The imprint histories of the funeral sermons differ widely from each other. Some were reprinted several times in the 19th century, others with little repetition. Some gradually became controversial for certain statements, and others which contained the same or similar statements escaped notice. However, the 20th century saw more serious collective-printing efforts in regard to JS’s “teachings” and more generally his personal history. The Sermon-texts became less subject to editorial whim, and more objects of some reverence (or disdain!). Partly this was in the nature of technology, which brings us back to the beginning of this business: how were they published?
All the funeral sermons (those under review here I mean) appeared in the History of the Church as edited by B. H. Roberts. (six volumes printed between 1902-1912 – and then a rogue volume in 1932). The History was printed by setting type for each signature and then pressing a damp papier-mache like material into the type, making a kind of negative into which molten metal was poured to make a thin plate with the type impression. These plates (stereotype plates) could be used and reused, and were until 1946.
The History was revised (slightly) in 1948-52 and this revised edition was printed with the same plates, altered by cutting out portions to be modified and welding in the modified sections. Hence, most of the sermon texts of the ca 1950 edition are identical (the printing errors, typeface and relative positioning are precisely the same) to the ca 1902 edition. Some obvious errors were corrected by this process though. For example, the title page of the 1908 first edition of volume 4 has “History of Joseph Smith, the Prophet, By Him elf.” This was corrected in the revised edition of volume 4 (1949). Most of the known sermons were collected in Joseph Fielding Smith’s 1938 book Teachings of the Prophet Joseph Smith. The printing process there is interesting, but that’s another story.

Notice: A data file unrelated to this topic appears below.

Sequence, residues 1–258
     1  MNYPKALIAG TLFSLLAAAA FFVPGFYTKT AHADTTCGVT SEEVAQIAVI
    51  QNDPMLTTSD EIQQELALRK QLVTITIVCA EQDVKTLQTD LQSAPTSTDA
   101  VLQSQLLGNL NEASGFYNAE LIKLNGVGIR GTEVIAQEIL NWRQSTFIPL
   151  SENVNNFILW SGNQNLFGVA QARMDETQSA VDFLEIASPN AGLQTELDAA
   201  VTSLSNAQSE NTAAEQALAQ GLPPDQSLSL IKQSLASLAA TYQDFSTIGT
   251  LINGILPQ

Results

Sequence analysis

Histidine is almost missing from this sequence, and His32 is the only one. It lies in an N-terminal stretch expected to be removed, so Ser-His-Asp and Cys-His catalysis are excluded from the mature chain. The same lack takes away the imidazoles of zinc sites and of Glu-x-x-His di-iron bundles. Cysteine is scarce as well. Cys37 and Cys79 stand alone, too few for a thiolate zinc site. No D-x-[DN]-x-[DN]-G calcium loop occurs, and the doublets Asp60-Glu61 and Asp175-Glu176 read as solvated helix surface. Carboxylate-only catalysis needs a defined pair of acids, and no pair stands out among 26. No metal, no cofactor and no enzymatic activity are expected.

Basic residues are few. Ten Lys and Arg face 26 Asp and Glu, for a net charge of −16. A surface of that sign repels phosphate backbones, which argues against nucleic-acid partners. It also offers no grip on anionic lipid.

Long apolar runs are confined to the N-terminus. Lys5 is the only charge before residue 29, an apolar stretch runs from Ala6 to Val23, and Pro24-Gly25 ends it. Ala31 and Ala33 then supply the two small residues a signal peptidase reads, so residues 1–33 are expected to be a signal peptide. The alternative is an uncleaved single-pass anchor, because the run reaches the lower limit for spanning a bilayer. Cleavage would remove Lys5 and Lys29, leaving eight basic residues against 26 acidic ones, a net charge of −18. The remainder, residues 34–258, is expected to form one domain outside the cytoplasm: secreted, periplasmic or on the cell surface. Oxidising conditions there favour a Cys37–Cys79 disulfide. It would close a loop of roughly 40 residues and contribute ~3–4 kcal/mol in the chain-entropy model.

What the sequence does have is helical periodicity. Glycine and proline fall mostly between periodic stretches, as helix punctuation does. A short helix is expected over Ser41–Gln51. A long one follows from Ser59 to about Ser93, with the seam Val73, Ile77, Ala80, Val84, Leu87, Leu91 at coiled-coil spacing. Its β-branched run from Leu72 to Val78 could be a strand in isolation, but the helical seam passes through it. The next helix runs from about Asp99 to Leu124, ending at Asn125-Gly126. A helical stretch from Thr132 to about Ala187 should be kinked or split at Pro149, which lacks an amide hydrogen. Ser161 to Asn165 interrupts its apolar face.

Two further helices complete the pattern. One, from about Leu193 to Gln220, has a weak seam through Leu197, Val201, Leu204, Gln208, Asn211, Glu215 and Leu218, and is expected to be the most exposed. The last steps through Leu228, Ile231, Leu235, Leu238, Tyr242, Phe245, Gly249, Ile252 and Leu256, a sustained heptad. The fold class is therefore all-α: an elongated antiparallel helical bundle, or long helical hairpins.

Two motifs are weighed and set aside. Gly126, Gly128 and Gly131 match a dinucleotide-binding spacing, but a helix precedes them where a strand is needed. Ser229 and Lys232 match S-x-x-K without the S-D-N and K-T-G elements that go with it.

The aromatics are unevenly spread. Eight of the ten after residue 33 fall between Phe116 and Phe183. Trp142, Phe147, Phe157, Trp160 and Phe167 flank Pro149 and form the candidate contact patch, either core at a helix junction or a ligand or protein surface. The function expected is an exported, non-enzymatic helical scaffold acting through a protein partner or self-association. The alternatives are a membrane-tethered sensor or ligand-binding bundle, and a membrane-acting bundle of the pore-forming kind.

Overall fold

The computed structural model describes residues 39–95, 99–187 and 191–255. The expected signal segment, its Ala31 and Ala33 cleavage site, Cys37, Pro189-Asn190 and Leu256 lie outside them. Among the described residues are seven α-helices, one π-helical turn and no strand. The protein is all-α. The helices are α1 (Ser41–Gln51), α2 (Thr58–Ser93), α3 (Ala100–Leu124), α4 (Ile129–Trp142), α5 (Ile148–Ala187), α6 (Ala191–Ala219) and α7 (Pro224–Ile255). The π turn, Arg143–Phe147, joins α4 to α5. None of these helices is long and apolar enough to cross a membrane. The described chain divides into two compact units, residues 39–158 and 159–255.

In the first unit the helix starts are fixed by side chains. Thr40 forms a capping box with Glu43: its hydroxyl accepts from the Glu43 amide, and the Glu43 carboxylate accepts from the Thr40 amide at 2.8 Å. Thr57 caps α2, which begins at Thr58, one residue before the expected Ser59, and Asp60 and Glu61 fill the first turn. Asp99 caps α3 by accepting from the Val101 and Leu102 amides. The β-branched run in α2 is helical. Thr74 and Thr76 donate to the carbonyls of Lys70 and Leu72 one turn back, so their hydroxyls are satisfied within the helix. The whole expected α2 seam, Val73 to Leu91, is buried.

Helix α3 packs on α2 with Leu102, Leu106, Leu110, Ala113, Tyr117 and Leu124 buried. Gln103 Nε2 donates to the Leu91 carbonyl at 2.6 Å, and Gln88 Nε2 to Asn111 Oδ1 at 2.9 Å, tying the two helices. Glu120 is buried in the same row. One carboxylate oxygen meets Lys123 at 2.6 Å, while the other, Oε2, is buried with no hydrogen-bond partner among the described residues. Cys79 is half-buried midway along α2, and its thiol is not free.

There are some interesting examples of this. It is not clear in many cases whether a given editor regarded a text as a reliable document. In later years, many seem to have allowed that many of these texts came from the pen of JS himself. That assurance extended to readers apparently. Remarkably, some of the more reliable of texts were ones that were painted with the brush of suspicion.
 These reconstructions, or “critical texts” are rather different than nearly any others I am aware of. They are constructed with transparency to the source texts. Moreover, where the text is truly ambiguous, instead of asserting one view, the reader is allowed to participate in the process (with some help from the editor on occasion). I am aware that some textual scholars may view this as a cop-out. But I believe these texts are important enough, that the reader has or should have, a stake. At least this is where I’m at now. Meanwhile, all the source texts will appear in typographical facsimile, and again in a “deconstruction” text.
 Nearly every page was changed in this edition (except, strangely, vols. 1 and 7) because of an editorial decision requiring the month (in which the events on the page took place) to appear at the top of the page, where only the year had appeared previously. I have not concluded my study of this process, and so some conclusions here could be changed.